Every day Jack Straw dresses in a corporate uniform. The only choice is between a grey, black or dark blue suit.
The same Straw attacked Muslim women who wear the veil as demonstrating “a visible statement of separation and difference”.
Leave aside that this might apply to Rastafarians, Sikhs, Orthodox Jews or many teenagers hanging around the town centre of his Blackburn constituency, it shows Straw’s image of “common identity” is one that could target anyone who chooses to challenge a narrow dress code and outlook.
For many Muslim women in Britain and Europe, the decision to wear a veil is not about “internalising oppression”. It is a statement of identity adopted in the face of rising Islamophobia and government demands to step through yet one more hoop to prove you are a “good Muslim”.
Muslim women have been to the fore in the anti-war movement - something that has truly brought people together in common cause and given confidence to Muslim women to speak out.
It ill behoves middle class Westerners, whether Jack Straw or supposed feminists, to dictate what women should wear.
What’s at issue is not women’s rights, but an Islamophobic agenda which is the battle cry of the US led global “war on terror”.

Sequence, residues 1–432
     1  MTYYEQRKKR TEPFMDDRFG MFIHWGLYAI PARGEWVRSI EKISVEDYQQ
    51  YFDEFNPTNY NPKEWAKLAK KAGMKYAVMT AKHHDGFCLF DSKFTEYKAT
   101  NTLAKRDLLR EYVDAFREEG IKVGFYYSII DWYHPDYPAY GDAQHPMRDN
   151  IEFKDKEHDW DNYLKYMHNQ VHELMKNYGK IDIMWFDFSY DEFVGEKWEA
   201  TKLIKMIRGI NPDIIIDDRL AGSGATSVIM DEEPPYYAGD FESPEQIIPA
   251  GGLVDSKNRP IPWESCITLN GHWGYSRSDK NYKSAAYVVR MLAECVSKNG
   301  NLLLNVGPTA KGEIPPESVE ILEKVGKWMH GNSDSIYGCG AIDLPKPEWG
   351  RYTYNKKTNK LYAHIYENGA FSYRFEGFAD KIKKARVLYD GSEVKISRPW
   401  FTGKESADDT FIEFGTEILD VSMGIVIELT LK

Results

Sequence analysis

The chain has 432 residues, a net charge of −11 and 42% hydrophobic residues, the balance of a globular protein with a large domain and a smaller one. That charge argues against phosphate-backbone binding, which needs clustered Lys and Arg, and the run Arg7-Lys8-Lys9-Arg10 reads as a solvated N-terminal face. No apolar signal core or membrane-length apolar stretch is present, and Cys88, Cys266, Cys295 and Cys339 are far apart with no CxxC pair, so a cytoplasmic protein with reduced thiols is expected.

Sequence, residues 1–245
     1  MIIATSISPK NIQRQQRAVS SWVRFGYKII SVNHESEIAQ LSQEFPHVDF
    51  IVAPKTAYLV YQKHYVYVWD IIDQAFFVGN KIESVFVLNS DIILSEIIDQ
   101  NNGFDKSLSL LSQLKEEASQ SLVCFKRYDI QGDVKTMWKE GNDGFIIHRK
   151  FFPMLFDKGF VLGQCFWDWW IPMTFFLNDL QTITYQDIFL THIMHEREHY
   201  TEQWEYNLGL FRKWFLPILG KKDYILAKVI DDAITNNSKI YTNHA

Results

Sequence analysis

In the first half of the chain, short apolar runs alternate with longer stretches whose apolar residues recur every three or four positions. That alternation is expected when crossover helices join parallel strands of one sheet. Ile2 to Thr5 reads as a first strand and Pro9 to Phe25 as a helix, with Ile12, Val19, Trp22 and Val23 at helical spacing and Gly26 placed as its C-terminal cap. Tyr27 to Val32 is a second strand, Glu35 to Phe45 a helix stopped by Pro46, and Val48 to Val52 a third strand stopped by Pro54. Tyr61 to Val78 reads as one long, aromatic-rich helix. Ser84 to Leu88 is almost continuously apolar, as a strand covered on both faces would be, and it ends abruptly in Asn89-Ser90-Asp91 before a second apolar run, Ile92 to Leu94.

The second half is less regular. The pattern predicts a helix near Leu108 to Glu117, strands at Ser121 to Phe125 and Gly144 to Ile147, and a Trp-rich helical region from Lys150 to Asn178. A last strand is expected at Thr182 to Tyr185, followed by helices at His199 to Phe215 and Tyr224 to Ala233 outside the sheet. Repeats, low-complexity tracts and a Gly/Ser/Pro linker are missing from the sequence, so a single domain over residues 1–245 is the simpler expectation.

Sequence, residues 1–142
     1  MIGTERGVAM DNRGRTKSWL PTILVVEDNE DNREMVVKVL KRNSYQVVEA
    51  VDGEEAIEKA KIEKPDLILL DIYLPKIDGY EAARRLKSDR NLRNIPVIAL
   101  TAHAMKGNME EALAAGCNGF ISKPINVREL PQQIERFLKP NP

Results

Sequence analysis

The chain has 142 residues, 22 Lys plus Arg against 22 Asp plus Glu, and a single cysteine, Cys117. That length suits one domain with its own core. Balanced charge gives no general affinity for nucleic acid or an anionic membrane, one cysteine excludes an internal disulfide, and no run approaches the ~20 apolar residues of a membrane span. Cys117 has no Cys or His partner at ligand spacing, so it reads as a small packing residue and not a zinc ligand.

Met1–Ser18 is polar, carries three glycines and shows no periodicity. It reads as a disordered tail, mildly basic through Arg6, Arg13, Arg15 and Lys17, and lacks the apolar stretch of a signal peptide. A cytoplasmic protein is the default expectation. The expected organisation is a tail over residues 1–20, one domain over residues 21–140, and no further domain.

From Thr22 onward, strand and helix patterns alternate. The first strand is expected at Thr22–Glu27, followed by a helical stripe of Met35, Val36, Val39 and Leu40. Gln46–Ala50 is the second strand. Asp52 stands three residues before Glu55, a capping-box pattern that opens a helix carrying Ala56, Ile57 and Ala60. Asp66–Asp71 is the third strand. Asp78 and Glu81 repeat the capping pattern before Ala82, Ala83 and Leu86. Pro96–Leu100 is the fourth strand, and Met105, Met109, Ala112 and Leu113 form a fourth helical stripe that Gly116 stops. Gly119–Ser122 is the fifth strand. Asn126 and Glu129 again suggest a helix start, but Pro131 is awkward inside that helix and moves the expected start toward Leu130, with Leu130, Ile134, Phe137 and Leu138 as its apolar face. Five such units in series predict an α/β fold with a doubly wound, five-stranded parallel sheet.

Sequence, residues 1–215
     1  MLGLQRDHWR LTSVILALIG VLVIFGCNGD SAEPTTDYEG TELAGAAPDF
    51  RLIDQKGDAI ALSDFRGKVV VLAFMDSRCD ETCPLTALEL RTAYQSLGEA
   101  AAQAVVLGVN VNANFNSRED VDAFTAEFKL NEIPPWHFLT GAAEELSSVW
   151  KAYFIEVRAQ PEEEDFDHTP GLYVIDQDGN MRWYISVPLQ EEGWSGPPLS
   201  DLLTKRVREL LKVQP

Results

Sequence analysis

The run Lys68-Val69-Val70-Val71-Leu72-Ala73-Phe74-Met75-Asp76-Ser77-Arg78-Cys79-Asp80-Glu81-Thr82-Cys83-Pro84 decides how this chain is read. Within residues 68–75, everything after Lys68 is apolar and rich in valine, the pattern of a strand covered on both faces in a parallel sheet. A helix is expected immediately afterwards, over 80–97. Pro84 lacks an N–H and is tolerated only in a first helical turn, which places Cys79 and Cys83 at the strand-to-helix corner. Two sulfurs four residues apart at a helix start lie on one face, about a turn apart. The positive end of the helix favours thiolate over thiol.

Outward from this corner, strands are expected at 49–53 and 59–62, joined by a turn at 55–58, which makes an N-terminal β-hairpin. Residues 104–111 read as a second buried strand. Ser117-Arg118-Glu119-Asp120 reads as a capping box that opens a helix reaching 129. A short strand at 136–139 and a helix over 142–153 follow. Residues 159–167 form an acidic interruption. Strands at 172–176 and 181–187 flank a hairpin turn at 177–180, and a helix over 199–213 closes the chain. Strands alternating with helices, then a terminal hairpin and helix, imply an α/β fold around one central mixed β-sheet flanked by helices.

Meet Mr Camerown
In the 1950s an economic consensus formed among Tory and Labour parties. It was dubbed “Butskellism” - after Tory chancellor Rab Butler and his Labour shadow Hugh Gaitskell.
This consensus called for partnership with the unions and state intervention in the economy.
The current “debates” around health policy are the clearest sign of the emergence of a new consensus between Gordon Brown and David Cameron - Camerownism.
Cameron is pushing an “independence bill” for the NHS, which would enshrine the growing divide between purchaser and provider, entrench the internal market and create an independent board to run the health service.
If all this sounds familiar, it should. Brown announced an almost identical plan for an independent board to run the NHS. The concept of freestanding health providers competing on a health market is simply the completion of plans already set in motion by New Labour.
Rich and poor
The real divisions
New Labour turns a blind eye to the most rampant examples of “separation and difference” in our society - the increasing divide between the rich and the poor.
They talk of “community cohesion” and “integration” but preside over a society where yuppie developments, gated communities and conspicuous consumption have spread like a rash across our city centres. In rural areas too, ordinary people find their rents and property prices spiralling out of control thanks to the rich elite snapping up second homes.
This minority is never criticised for “separating” from the rest of society. On the contrary, its exclusivity is held up as a model for us all to aspire to. As Peter Mandelson put it back in 1998, New Labour is “intensely relaxed about people getting filthy rich”.